• Fresh yard waste (grass clippings)
  • Manure from herbivores (cow, horse, chicken)

Brown Materials (Carbon-Rich)

  • Dry leaves
  • Straw or hay
  • Shredded newspaper or cardboard

Choose a Location

Pick a suitable spot for your compost pile. Ideally, it should be on bare soil to allow for beneficial organisms to enter the pile. Ensure good drainage to prevent waterlogging.

Build the Base Layer

Create a base layer with coarse materials like small branches or straw. This helps with aeration at the bottom of the pile.

Alternate Green and Brown Layers

Layer green and brown materials alternately. Aim for a good mix to provide a balanced carbon-to-nitrogen ratio, promoting efficient decomposition.

Moisture Management

Keep the compost pile moist but not waterlogged. The materials should feel like a wrung-out sponge. Add water if the pile becomes too dry, or add more dry brown materials if it’s too wet.

Aerate the Pile

Turn the compost regularly to introduce oxygen. This aerates the pile and encourages the growth of aerobic bacteria, which thrive in the presence of oxygen and generate heat.

Monitor Temperature

Use a compost thermometer to monitor the internal temperature. Hot composting aims for temperatures between 130° to 170° F. This range promotes the activity of thermophilic bacteria that accelerate decomposition.

Maintain the Pile

Continue adding green and brown materials as they become available. Turning the pile every few days helps distribute heat and accelerate the composting process.

Patience and Observation

Hot composting typically takes a few weeks to a few months. Be patient, and observe the compost pile for changes in temperature, texture, and the disappearance of materials.

Harvesting the Compost

Once the composting process is complete, and the pile cools down, the compost is ready for use. It should have a crumbly texture, a dark color, and a rich, earthy smell.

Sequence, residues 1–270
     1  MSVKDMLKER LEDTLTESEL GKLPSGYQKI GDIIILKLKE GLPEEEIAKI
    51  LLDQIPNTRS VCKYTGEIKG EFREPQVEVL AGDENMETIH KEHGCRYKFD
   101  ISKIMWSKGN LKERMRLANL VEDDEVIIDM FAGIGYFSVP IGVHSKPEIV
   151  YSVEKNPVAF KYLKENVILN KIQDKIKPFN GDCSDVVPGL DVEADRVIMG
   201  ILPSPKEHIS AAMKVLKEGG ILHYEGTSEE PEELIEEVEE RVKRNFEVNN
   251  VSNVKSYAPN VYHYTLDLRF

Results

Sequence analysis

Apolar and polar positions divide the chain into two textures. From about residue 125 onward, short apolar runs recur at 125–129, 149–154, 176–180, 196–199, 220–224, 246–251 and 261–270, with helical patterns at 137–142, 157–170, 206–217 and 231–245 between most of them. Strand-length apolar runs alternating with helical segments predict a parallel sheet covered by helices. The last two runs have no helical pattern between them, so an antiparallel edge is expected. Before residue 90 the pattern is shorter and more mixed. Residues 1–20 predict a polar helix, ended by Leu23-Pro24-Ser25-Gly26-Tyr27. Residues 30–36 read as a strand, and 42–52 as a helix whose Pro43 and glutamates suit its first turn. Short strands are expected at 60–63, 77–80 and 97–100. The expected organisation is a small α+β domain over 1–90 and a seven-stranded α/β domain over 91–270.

How long does compost generate heat?

Compost can generate heat for several weeks to months, depending on factors like size, composition, and management. The initial intense heat phase can last a few days to a couple of weeks.

Can you heat a greenhouse with manure?

Yes, manure is an effective source of heat in compost and can be used to warm a greenhouse. The decomposition process in the compost generates heat.

What is the best compost for greenhouses?

Well-balanced compost with a mix of green and brown materials is ideal for greenhouses. Materials like kitchen scraps, leaves, and yard waste create a nutrient-rich compost.

What happens if compost gets too hot?

If compost gets too hot it can lead to the loss of beneficial microorganisms and may result in nutrient imbalances. It’s essential to monitor and manage compost temperature to maintain optimal conditions.

Does hot compost need sun?

No, sunlight is not a strict requirement for the compost to generate heat. While sunlight can contribute to the overall warmth of a compost pile, hot composting primarily relies on microbial activity during decomposition. 

Is compost flammable?

No, compost is generally not flammable under normal conditions. However, if the compost pile is exceptionally dry, there may be a risk of combustion. Proper moisture and proper management mitigate this risk.

Does hot compost need oxygen?

Yes, oxygen is needed for the aerobic microbial activity that generates heat in hot compost. Turning the compost regularly ensures aeration, supporting the decomposition process.

Final words

To sum up, heating a greenhouse with compost is a clever and Earth-friendly approach. It supports plant growth, saves money, and benefits the environment. Creating a warm space for plants using compost not only nurtures our gardens but also plays a part in keeping our planet healthy.